Heathcliff and Catherine are determined to stay together despite the approaching threat of Edgar, with Heathcliff saying, “I’ll stay. If he shot me so, I’d expire with a blessing on my lips.”
When Heathcliff learns of Catherine’s death, he acts unfeeling so that Nelly weeps as much for him as for Catherine as “we do sometimes pity creatures that have none of the feeling either for themselves or for others.” He tells Nelly, “Put your handkerchief away- don’t snivel before me. Damn you all! She wants none of your tears!”
After this initial reaction, Heathcliff’s coldness gives way to a paroxysm of anger, screaming, “Catherine Earnshaw, may you not rest, as long as I am living! You said I killed you- haunt me then! The murdered DO haunt their murderers, I believe. I know that ghosts have wandered on earth. Be with me always - take any form - drive me mad! Only do not leave me in this abyss, where I cannot find you! Oh, God! it is unutterable! I cannot live without my life! I cannot live without my soul!”
Heathcliff refers to ghosts and the supernatural. The gothic novel was emerging as a new genre of writing at the time this novel was written. The Bronte sisters’ work falls more or less into the Gothic tradition. Magic, mystery, and chivalry commonly form the structural basis for the Gothic novel generating a feeling of integrity and depth.
Heathcliff changes into an embittered and malevolent person and he seems to think that if he can revenge Catherine’s death, he can be with her. His callous and sadistic treatment of Isabella Linton turns the reader against him and wins him no sympathy. He takes Hindley’s property and his son Hareton away from him, therefore degrading and humiliating him. As he grows older, Hareton does not realise how much he should hate Heathcliff for taking his property and not allowing him to be educated. By not permitting Hareton to have an education, Heathcliff is thwarting any attempt for him to obtain his full potential. It is a way of controlling his destiny and preventing him from bettering himself.
He treats his own son, Linton with disregard, as he is weak and sickly. Linton embodies all the worst traits of both the Linton and Earnshaw families, he is full of self-pity, has an ill temper and is a coward. Heathcliff takes him after Isabella’s death but forces him into marriage with Cathy Linton in order to gain Thrushcross Grange.
As the novel progresses, Heathcliff displays his anger and rage in several different scenes. This anger may have been caused by his rejection because of his class. Catherine does not choose him because he has no money and status, despite her vehement love for him. In this scenario, love does not win over the attractions of money. However, Heathcliff manages to prove himself by rising above much of his difficulties to become an owner of two large estates with plenty of money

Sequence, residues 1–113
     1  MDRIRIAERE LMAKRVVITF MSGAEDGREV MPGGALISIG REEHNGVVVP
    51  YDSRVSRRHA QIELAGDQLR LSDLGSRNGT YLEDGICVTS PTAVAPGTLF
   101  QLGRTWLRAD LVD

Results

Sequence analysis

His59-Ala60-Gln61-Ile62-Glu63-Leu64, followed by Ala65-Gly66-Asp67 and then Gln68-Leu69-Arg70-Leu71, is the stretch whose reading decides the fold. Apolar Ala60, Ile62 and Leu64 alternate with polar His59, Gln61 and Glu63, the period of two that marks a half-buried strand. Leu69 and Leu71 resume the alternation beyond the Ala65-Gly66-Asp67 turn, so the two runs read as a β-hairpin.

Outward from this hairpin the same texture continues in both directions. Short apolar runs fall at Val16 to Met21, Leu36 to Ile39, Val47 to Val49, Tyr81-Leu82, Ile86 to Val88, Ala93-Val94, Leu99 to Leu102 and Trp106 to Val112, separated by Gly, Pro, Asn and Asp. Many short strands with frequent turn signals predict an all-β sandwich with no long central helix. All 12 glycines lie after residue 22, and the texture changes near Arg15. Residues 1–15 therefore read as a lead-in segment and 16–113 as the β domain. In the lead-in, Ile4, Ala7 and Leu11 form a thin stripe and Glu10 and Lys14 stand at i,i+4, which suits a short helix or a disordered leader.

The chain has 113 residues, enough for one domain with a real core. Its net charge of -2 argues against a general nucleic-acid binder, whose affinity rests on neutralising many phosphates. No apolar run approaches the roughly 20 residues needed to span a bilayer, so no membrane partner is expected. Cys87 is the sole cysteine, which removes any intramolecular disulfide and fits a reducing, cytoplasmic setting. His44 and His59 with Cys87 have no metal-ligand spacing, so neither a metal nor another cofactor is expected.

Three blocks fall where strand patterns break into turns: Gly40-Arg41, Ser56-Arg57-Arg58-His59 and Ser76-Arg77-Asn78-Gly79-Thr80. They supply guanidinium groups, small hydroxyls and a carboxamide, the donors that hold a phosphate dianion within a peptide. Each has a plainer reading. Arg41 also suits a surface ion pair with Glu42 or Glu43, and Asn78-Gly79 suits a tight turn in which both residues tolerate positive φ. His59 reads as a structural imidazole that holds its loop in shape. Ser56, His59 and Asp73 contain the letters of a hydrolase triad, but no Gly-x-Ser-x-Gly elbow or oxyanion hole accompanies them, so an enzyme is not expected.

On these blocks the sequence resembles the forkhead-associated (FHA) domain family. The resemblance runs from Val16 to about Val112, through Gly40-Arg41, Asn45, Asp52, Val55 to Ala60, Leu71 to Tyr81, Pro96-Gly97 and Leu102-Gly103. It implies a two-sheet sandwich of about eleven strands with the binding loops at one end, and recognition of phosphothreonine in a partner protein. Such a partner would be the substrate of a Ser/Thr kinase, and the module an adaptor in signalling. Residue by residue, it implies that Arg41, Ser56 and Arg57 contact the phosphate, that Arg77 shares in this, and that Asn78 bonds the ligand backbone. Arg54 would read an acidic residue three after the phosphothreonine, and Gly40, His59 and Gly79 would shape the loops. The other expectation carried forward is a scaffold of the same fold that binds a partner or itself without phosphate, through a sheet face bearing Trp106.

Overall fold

Cathy is another person that Heathcliff does not treat well. He emotionally blackmails her into seeing his son, even though Cathy says that she would gladly marry her cousin without compulsion. Heathcliff is violent towards her, when she refuses to let him trap her and Nelly inside Wuthering Heights, he silences her
with, “a shower of terrific slaps on both sides of the head, each sufficient to have fulfilled his threat, had she been able to fall.”
Feminists would not view this violence in a good light, but it was probably accepted by the males and some females of the time. This violence reflects on the evolved state of today’s society, as it is not acceptable by either gender and would probably result in a jail sentence.
However, if you look at it closely, Wuthering Heights is quite a feminist novel. Catherine has quite an independent view of life. She puts herself in a position to have just as much control of the men in her life. For example she says she wants to marry Edgar in order to use his money to help Heathcliff. Bronte constructs this character with flair and readiness.
Cathy is just as headstrong and wilful as her mother. She disobeys Nelly on countless occasions and sneaks around to see Linton. Despite everything, Cathy stays strong and never weakens in the face of adversity.
He is disturbed by how much she is like her mother, Catherine and when she displays her boldness, he is “reminded by her voice and glance, of the person from whom she inherited it.” However, he is also tormented by Hareton’s resemblance to Catherine, as he says to Nelly, “His startling likeness to Catherine connected him fearfully with her.”
Towards the end of his life, Heathcliff is haunted by his memories of Catherine and confesses to Nelly, “I cannot look down to this floor, but her features are shaped on the flags! In every cloud, in every tree- filling the air at night, and caught by glimpses in every object, by day I am surrounded with her image! The most ordinary faces of men, and women- my own features mock me with a resemblance. The entire world is a dreadful collection of memoranda that she did exist, and that I have lost her!”
At the end of the novel, after making everyone miserable, he gives up his plans of revenge and dies. He is buried in the kirkyard to the right of Catherine, with Edgar to the left of her, symbolising the antagonism which tore apart her short life and suggesting her conflicted loyalties. It is only at this point that Heathcliff is finally reunited with Catherine.